Page 1 of 2 12 LastLast
Results 1 to 10 of 13

Thread: Data base using engine #

  1. #1
    Join Date
    Mar 2019
    Posts
    1

    Default Data base using engine #

    New AMCA member from southern Wisconsin with 1941 UL. Is there a web site I can access using engine #? Id like to know if this was originally built as a solo or as a side car bike. An earlier owner claims this was always a side car bike but I want to verify, thanks. Mike

  2. #2
    Join Date
    Jun 2005
    Location
    Northern Colorado
    Posts
    813

    Default

    There is no way to find this info. If the bike has a 3 speed and reverse trans, that might indicate a side car bike, but the trans could have changed any time after the bike left the factory.
    VPH-D

  3. #3

    Default

    i agree,if it was a sidehack bike should see where mounts were on.

  4. #4
    Join Date
    Jan 2003
    Location
    England
    Posts
    1,266

    Default

    The Harley book 'The Legend Begins' gives production numbers by year, with some double counting of military bikes. For 1941 it shows 884 U models, 1888 US models and 715 UL models. The US models may be the military sidecar bikes going to South Africa, with more in 1942. The S in the engine number, presumably for sidecar, was very rarely stamped, but these bikes would have had low compression heads and small drive sprockets. Exports to other countries, surely not many, would tend to be U models because of poorer quality gas. For the US market some solo riders, and Police, liked the U bikes as solos, while some sidecar riders would take the UL with a tad more power. So we don't really know, and the factory records were supposedly dumped in the AMF years. Maybe Bruce Palmer's 'How to Restore Your Military Harley-Davidson' would give you the South African engine number range. Check if your bike is a U or a UL, count the teeth on the drive sprocket, and shine a torch under the cylinder heads to see if you have two cast bars (high compression), one for medium, or none for low compression heads.

  5. #5
    Join Date
    Jun 2018
    Location
    Chicago
    Posts
    29

    Default

    Quote Originally Posted by VPH-D View Post
    There is no way to find this info. If the bike has a 3 speed and reverse trans, that might indicate a side car bike, but the trans could have changed any time after the bike left the factory.
    VPH-D
    I'd tend to agree with assessment -- but thankfully there were enough minor changes to help you narrow down what you have or do not have. These are well outlined in Palmers How to Restore your 1936-64 HD.

    An inaccurate, though indicative, way to figure out if your trans is original to the bike or at least close to it is to examine the foundry marks. In theory, the original transmission would carry a 1940 or 41 date stamp -- but nothing later. If it were say a '46 transmission -- that would tell you it's been replaced at some point in time.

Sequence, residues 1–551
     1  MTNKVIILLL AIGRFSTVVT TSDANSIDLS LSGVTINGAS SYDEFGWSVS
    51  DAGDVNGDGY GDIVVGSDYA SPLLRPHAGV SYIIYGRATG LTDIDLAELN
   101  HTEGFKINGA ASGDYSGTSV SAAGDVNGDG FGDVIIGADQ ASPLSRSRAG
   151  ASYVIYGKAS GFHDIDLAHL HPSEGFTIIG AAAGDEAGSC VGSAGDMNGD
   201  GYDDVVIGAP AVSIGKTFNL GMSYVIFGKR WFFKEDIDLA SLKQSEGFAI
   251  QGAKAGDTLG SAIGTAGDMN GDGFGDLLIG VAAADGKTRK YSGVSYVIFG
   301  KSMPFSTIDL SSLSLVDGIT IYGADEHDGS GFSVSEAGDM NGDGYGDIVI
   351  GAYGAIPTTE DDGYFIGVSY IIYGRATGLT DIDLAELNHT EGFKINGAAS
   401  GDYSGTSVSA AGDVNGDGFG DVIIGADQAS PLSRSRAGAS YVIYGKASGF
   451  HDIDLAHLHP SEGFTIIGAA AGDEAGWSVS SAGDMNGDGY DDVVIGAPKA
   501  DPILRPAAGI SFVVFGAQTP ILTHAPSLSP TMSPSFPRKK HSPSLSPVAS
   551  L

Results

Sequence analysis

I got super lucky with my '46 pieces parts bike. I bought a transmission off a buddy that I knew to be pre-1950(ish). Once I cleaned up the bottom I found an H-46 date code (August 1946). Go figure.

    There was a bit more to the UL/ULH than just higher compression . . .not much, but a bit.

  6. #6
    Join Date
    Aug 2004
    Location
    Beautiful Northern New Mexico
    Posts
    2,596

    Default

    August '46 is a '47 model year gearbox....
    Robbie Knight Amca #2736

  7. #7
    Join Date
    Jun 2018
    Location
    Chicago
    Posts
    29

    Default

    Quote Originally Posted by Rubone View Post
    August '46 is a '47 model year gearbox....
    Shhh, don't tell anyone :-)

    Seriously, thanks for making sure this was accurate.

    And to be clear; the stamp is H-6; not H-46; I'm typing too much "junk" today. I was just happy to have date stamps near one another (motor is F6) as there is no intention of passing this machine off as "restored" and certainly no intention to ever represent it as "correct."

    I'll go back to my corner now.

  8. #8
    Join Date
    Aug 2004
    Location
    Beautiful Northern New Mexico
    Posts
    2,596

    Default

    No worries, my 46UL is a mixed bag as well. I'm not even trying to get close with it. Doing it a a race bike hauler like a dealer may have built out of the junk in his back lot..
    Robbie Knight Amca #2736

  9. #9

    Default

    There was a bit more to the UL/ULH than just higher compression . . .not much, but a bit.
    Specifically?

  10. #10
    Join Date
    Jun 2017
    Location
    Charles Town, West Virginia
    Posts
    33

    Default

    Welcome to the AMCA. I have a '41 UL too. Believe or not it's my dream bike.

Posting Permissions

  • You may not post new threads
  • You may not post replies
  • You may not post attachments
  • You may not edit your posts
  •